When using binding resins containing only BIS-GMA as the bisphenol A backbone monomer, relatively low compressive strengths are obtained during the rst few hours after filling preparation indicating that poor curing is being obtained. When bisphenol A dimethacrylate is used as the only bisphenol A backbone monomer the resin obtained is extremely friable and satisfactory dental fillings are not obtained. In addtion, as the bisphenol A dimethacrylate is a white powder at room temperatures, its physical characteristics do not lend themselves to easy handling which is necessary in order to obtain a satisfactory filling material that can be used by dentists. However, when `the bisphenol A dimethacrylate is blended with BIS-GMA in the proportion hereinafter indicated, resin binder systems having excellent physical properties are obtained.

When the bisphenol A dimethacrylate is present with the BIS-GMA in amounts of about 33 percent of the total, bisphenol A dimethacrylate-BIS-GMA content, it is found that some of the bisphenol A dimethacrylate may crystallize, thus presenting a nonhomogeneous mixture and possible handling difficulties. However, dental fillings having excellent strength can still be obtained. This problem of crystallization can, however, be avoided and excellent binder systems still be obtained through the reduction of the amount of bisphenol A dimethacrylate used.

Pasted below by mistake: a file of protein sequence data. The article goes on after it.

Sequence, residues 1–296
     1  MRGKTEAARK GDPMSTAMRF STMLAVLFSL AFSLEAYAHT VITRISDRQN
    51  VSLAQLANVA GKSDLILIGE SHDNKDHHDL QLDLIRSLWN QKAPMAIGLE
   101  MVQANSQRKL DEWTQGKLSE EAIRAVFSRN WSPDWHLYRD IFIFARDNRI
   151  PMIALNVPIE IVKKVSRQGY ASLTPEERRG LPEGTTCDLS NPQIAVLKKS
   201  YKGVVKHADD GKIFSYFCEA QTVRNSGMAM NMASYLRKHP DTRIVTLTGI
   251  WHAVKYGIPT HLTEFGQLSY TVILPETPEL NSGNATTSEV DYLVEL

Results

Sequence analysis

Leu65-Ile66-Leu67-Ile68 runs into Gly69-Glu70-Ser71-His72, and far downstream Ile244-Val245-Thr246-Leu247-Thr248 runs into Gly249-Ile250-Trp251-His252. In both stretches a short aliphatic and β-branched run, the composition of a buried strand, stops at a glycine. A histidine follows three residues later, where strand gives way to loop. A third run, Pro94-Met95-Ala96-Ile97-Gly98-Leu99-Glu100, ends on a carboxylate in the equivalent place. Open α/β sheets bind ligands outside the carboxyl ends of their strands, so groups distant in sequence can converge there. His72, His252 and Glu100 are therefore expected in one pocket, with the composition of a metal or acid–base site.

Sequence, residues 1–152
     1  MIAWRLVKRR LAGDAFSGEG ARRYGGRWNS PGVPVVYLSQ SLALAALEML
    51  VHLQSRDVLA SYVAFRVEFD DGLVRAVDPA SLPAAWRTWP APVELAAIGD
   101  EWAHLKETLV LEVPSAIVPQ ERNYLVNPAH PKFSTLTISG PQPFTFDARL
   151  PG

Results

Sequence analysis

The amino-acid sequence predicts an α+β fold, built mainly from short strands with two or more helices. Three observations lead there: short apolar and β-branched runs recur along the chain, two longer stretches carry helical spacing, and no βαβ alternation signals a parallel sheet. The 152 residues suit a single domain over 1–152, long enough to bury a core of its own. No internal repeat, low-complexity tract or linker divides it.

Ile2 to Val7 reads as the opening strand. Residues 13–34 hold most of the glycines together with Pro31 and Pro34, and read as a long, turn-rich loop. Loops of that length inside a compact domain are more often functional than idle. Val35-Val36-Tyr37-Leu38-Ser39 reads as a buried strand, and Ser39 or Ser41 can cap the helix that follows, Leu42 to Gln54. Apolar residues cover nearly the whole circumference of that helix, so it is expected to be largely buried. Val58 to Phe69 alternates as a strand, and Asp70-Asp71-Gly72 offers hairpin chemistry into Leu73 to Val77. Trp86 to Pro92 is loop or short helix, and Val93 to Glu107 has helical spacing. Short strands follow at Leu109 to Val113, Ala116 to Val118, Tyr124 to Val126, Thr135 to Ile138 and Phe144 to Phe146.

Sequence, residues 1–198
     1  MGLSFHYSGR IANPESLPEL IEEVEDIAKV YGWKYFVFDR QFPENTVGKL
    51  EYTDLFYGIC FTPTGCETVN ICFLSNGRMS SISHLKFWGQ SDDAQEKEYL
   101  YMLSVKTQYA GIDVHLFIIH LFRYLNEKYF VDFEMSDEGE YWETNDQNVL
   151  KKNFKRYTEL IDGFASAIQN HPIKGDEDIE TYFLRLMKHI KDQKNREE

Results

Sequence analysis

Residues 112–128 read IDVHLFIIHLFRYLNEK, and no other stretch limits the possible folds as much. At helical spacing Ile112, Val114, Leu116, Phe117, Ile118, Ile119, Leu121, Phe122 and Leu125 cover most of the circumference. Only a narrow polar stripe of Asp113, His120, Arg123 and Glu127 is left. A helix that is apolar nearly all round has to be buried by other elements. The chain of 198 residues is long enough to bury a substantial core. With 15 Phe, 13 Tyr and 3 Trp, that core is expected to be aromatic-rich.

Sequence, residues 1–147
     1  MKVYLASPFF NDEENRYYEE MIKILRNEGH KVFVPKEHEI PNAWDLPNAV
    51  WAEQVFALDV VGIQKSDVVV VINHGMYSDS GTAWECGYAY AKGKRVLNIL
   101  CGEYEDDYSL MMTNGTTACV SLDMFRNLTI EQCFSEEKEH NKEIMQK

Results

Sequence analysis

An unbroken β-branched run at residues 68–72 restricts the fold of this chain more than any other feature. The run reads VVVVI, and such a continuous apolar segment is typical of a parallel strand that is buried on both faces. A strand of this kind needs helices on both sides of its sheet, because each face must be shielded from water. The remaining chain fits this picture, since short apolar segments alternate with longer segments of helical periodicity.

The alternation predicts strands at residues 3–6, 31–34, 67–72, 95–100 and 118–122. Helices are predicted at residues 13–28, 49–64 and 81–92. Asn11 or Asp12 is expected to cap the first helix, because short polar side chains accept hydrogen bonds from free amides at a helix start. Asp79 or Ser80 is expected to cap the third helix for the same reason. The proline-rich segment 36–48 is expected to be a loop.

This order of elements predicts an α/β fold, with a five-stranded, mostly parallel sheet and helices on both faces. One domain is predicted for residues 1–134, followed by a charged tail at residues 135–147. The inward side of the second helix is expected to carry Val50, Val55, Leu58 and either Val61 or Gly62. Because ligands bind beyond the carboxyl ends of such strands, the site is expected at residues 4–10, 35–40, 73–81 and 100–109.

In the preferred direct filling compositions an activator of the class designated by the formula R CHQCHgoH where R may be either -H or CH3 and X may be -C2CH2OH, -C2H5 or -CHS is used; the preferred activator being p-tolyl diethanolamine. It has been discovered that the presence of such activators in the binder system improve the stability of the binder monomers during storage prior to use as well as improving the overall cure rate of the resin and color stability in the cured dental filling.

The inorganic filler used is important with respect to the overall physical properties of the dental filling, the same being present in amounts of about 65 to 75 percent by weight of the filling and preferably present in amounts in excess of 70 percent. However, improvement in physical properties is obtained with any particular filler when practicing the present invention over properties resulting from use of the same ller with a binder system using only BIS-GMA as the bisphenol A backbone monomer.

For the inorganic filler any of the materials silica, glass beads, aluminum oxide, crystalline quartz, and the like may be used. The particle size may range from about 2 to 85 microns with the preferred size being within the range of about 5 to 75 microns. The finely divided inorganic filler should be treated with a keying agent to improve the binding of the resin thereto. The keying agents described in Bowen Pat. No. 3,066,112 are well suited for this purpose although other keying agents suitable to the organic polymer may be used. Those found to be particularly suitable are the high performance ethylenically unsaturated organo silane compounds such as gammamethacryloxypropyltrimethoxysilane, vinyltrichlorosilane, vinyltriethoxysilane, vinyltrimethoxysilane, and vinyltriacetoxysilane.